There are a number of risk factors that can increase your risk of cardiomyopathy, including:

  • Family history. People with a family history of cardiomyopathy, heart failure and sudden cardiac arrest are more likely to develop cardiomyopathy than are those without a family history of heart problems.
  • Obesity. Excess weight makes the heart work harder, which increases the risk of cardiomyopathy and heart failure.
  • Alcoholism. People who abuse alcohol can damage their hearts, and cardiomyopathy can be a consequence. The risk increases significantly after more than five years of drinking seven to eight drinks daily.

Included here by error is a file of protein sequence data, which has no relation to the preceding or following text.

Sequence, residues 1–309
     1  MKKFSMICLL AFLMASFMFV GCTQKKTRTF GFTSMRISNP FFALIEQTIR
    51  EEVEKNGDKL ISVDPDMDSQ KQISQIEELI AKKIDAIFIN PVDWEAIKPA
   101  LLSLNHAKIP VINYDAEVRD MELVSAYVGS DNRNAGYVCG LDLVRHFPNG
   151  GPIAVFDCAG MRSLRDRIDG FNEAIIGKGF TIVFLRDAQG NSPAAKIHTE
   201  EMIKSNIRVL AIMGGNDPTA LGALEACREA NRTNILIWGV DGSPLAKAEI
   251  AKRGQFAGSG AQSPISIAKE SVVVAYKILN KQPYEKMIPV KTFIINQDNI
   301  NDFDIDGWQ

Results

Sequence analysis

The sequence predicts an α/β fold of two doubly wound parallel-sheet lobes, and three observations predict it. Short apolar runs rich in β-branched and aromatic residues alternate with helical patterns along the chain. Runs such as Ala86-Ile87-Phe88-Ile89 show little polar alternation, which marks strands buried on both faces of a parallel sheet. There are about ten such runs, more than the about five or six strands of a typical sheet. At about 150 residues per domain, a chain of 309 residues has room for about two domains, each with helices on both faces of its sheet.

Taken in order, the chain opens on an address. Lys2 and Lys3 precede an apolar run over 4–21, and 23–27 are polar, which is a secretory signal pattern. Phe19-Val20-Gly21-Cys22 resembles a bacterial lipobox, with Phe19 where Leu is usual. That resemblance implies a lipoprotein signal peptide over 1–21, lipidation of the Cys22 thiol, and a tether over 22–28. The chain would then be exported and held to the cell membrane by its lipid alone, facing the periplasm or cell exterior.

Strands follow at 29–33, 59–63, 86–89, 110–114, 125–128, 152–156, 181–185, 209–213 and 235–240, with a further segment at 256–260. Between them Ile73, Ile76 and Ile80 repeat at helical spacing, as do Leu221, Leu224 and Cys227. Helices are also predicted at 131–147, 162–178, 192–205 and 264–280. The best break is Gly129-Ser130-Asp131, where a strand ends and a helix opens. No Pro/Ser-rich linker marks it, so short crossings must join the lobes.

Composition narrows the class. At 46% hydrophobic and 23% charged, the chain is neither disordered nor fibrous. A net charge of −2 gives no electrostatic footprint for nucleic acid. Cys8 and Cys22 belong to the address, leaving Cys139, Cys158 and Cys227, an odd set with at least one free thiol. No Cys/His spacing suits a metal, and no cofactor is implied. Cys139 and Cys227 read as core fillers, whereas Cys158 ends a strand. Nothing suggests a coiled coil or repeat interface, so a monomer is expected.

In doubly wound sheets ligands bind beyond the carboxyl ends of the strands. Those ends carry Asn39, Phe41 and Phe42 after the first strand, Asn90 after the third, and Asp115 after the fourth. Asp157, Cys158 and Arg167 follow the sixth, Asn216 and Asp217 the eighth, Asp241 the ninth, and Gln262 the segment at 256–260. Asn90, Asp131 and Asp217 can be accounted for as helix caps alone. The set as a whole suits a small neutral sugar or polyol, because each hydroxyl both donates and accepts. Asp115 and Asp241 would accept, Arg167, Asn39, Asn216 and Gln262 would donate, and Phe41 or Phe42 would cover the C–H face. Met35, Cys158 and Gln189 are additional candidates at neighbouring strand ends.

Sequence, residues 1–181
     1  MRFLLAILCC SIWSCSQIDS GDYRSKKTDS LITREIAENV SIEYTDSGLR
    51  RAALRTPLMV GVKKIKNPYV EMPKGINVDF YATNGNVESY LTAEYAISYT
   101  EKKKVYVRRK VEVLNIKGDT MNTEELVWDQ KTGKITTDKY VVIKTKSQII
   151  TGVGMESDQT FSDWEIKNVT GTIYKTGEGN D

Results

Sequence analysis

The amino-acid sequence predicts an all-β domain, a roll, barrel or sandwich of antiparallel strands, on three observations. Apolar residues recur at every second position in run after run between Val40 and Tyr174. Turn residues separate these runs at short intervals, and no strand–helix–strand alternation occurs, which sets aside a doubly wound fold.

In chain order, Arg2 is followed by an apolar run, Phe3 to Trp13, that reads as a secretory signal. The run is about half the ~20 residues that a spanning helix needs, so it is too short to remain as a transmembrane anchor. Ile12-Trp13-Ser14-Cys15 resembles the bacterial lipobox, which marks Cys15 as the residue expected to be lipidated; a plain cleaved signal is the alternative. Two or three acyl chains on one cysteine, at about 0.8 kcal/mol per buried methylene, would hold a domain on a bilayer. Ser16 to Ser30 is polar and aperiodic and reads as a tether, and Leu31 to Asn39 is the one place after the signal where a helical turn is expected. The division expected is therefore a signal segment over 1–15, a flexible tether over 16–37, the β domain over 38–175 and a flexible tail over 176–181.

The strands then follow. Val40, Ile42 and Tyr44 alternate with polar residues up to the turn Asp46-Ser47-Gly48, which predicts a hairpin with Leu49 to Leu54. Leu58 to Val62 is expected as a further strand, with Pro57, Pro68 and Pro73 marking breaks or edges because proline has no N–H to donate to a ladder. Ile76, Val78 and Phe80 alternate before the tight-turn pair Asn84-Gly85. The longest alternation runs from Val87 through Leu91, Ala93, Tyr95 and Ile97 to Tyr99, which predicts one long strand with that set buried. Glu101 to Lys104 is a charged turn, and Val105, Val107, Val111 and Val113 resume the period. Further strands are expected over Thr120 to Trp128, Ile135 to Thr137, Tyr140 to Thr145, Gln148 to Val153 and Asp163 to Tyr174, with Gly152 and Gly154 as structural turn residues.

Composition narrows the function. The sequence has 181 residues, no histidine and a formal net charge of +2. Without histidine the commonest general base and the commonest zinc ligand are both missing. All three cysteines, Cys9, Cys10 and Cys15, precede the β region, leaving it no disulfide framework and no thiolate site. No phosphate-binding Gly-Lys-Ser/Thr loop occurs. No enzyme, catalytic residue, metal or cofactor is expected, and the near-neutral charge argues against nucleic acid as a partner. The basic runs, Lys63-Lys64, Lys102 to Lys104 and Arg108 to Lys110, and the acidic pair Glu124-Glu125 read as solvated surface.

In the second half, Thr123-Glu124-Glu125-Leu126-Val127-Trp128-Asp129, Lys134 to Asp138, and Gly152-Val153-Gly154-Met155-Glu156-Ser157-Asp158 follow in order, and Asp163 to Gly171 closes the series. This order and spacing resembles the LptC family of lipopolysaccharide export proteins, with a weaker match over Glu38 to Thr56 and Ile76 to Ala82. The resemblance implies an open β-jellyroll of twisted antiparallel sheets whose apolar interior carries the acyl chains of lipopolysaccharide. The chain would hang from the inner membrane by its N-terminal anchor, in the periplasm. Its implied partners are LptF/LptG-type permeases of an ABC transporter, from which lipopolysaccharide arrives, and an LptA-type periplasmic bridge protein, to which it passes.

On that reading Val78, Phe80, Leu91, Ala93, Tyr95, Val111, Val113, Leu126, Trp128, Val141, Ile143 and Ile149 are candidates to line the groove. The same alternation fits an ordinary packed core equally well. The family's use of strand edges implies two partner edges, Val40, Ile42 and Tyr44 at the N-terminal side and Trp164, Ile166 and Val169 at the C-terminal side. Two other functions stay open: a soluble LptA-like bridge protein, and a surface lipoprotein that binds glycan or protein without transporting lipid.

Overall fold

• Illicit drug use. Drugs, such as cocaine, amphetamines and anabolic steroids, may increase the risk of cardiomyopathy.
  • Cancer treatments. While necessary to treat cancer, many cancer treatments can damage some healthy cells too. Certain chemotherapy drugs and radiation therapy can increase the risk of cardiomyopathy.
  • Diabetes. Having diabetes ups the risk of cardiomyopathy, heart failure and other heart problems.
  • Thyroid disorders. Having an under- or overactive thyroid gland can increase your risk of cardiomyopathy.
  • Hemochromatosis. This disorder causes the body to store excess iron, and it has been linked to an increased risk of dilated cardiomyopathy.
Jan. 24, 2014